UK – One of the first things the newly elected UK government has done, is demand cuts to the national broadcaster, the BBC. Graham Norton, the UK’s Eurovision presenter (and extremely highly paid BBC star) has joined in the debate, defending the BBC.
Norton, who allegedly earns £1.5m per year, speaking to the UK’s Telegraph newspaper said,
“It’s hard for me, because I should be able to be very vocal in my defence of the BBC, and kind of go, ‘Let’s treasure this thing. Let’s not have it dismantled’. But of course, everyone goes, ‘Well you would say that, wouldn’t you?’ But having spent time in other countries, I see that the BBC is amazing. That it is incredible. It’s just that my voice has no weight in that debate. It’s a really perilous time for the BBC. The trouble is that every government hates the BBC. The BBC will criticise the government, and so there is that slight, ‘Well, if you’re not with us, you must be against it’. The BBC is one of those things people will not understand until it’s gone. And then they’ll be going, ‘Oh, telly’s a bit shit. This is a weird period drama – there’s only two people in it and no cars’.”
The BBC is an organisation not known for its track record for being open about its finances. It’s journalistic and artistic works are exempt from Freedom of Information requests… something it tries to use for just about everything to the frustration of requesters!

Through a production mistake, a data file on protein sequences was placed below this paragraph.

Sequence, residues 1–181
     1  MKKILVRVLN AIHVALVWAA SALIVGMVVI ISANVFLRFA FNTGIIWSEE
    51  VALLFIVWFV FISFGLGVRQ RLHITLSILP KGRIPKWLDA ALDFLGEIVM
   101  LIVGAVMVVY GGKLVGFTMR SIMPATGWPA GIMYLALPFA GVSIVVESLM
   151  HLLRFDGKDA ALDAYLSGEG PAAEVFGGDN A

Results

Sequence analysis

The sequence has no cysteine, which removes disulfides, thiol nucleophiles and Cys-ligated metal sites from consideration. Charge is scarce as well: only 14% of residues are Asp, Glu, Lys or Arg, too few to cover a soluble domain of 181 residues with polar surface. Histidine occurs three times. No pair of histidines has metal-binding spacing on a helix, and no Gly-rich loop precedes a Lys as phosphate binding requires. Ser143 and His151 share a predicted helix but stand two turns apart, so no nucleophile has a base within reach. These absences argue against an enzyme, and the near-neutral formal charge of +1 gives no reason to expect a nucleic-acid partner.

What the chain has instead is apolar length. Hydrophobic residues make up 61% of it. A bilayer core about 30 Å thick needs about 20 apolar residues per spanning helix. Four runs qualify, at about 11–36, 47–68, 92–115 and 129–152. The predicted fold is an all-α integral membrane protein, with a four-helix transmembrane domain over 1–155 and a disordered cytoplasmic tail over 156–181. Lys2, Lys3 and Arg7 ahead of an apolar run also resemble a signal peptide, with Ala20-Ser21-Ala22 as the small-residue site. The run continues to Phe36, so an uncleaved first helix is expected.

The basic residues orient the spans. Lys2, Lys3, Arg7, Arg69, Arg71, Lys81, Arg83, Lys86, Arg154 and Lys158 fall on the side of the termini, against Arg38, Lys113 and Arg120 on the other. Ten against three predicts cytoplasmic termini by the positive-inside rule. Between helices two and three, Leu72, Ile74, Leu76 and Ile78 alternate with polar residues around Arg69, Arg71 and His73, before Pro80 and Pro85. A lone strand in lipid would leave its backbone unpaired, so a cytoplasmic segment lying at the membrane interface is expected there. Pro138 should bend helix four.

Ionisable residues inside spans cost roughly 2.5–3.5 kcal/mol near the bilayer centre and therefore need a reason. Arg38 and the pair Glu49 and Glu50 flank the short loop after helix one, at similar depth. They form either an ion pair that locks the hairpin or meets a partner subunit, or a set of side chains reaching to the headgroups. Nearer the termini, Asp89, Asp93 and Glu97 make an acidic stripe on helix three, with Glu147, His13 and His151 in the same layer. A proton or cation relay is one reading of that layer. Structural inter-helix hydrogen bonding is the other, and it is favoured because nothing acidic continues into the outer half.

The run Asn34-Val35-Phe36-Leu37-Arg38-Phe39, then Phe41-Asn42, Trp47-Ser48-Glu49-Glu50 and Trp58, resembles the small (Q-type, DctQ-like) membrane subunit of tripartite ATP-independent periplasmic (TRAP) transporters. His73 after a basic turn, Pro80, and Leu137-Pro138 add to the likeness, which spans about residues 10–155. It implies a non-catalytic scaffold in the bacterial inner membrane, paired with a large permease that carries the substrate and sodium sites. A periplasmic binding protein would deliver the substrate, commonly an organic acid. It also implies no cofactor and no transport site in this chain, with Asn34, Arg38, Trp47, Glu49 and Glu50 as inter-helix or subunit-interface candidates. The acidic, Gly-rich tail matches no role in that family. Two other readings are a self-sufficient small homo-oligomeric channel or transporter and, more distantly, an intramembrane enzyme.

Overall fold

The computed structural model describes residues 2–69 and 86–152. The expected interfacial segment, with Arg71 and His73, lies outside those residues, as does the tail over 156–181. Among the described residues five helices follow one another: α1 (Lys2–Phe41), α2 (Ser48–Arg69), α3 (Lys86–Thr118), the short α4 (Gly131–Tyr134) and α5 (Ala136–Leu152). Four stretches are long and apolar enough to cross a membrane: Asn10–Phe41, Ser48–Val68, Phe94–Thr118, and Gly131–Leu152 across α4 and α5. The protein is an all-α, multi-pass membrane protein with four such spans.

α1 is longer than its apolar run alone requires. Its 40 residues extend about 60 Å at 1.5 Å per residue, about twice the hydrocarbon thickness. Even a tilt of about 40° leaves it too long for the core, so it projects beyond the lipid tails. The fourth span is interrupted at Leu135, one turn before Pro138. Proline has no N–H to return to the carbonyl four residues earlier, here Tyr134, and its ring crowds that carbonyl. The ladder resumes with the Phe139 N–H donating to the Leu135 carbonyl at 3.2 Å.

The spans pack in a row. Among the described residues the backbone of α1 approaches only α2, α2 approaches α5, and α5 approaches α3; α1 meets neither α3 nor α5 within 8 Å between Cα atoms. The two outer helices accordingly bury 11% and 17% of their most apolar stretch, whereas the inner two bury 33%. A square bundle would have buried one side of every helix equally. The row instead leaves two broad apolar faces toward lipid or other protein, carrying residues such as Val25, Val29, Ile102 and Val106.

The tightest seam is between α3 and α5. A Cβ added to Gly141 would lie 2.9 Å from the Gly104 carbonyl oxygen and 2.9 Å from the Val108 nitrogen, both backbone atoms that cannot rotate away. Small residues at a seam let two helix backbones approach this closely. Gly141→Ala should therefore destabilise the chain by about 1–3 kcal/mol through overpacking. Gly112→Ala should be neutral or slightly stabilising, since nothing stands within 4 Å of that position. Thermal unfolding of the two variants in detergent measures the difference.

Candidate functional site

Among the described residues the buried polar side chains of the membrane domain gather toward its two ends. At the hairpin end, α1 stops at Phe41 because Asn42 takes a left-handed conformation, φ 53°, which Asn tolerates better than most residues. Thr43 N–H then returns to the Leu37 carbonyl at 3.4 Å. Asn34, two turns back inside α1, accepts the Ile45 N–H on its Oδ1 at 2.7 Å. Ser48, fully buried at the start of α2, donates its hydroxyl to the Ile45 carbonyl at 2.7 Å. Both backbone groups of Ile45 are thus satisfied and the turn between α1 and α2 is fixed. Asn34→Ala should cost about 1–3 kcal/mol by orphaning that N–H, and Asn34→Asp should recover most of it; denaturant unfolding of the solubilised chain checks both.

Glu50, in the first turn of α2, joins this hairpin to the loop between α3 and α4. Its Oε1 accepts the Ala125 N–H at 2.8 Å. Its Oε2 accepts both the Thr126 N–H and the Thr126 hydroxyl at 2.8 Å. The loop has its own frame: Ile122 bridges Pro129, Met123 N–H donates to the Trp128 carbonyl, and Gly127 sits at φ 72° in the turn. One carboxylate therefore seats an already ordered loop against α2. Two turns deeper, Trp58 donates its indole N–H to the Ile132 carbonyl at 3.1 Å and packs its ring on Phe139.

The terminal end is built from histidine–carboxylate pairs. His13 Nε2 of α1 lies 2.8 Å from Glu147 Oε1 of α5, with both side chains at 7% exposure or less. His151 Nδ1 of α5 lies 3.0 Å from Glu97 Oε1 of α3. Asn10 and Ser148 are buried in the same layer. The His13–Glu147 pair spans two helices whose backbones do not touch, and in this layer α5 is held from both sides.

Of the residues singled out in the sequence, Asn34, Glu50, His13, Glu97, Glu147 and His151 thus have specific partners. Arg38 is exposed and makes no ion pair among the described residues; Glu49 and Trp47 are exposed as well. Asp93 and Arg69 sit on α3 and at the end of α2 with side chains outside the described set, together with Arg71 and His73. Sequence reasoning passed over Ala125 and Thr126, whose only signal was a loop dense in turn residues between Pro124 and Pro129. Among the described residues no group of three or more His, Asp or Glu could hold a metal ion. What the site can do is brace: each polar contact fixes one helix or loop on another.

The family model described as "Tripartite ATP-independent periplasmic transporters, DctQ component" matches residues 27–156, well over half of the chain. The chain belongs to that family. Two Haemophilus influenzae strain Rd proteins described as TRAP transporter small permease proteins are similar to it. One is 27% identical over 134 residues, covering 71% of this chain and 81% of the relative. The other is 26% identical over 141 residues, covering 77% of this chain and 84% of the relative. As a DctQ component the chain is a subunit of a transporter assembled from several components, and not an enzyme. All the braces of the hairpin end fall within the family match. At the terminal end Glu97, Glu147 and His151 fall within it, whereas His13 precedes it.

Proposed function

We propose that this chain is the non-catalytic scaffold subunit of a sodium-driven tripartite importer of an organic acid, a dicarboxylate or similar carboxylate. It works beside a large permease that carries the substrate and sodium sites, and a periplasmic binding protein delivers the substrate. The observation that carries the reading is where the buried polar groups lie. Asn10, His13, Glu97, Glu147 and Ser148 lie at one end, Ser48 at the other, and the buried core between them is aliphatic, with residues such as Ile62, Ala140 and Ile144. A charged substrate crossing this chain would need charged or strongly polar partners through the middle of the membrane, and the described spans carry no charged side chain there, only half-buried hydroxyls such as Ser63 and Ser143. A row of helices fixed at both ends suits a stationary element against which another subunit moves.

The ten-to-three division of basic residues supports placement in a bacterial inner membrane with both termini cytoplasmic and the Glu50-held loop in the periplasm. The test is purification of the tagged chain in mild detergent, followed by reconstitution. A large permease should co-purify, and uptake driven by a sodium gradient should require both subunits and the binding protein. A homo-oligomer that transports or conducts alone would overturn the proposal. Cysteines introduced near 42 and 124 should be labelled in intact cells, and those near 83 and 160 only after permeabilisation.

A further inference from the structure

As a publicly funded body it seems only right people should see how this great organisation spends their money, as there may well be areas it can make savings. When you compare what you get for your £ though, compared with paid subscriptions such as Sky, it’s incredible value. As Norton says
“Just put £24 into everyone’s bank account, and switch the BBC off for two months, and people would shit themselves.”
Norton has signed a letter to the UK Prime Minister asking the Government to protect the BBC from cuts.
Could the cuts at the BBC affect the UK being one of the Big 5 in future? They could certainly limit the opportunities for the UK to ever send any more established acts or run expensive national finals. Services such as the BBC Radio 2 pop up service could also be affected. Eurovision still pulls in a lot of viewers in the UK s hopefully the BBC will continue to support the contest.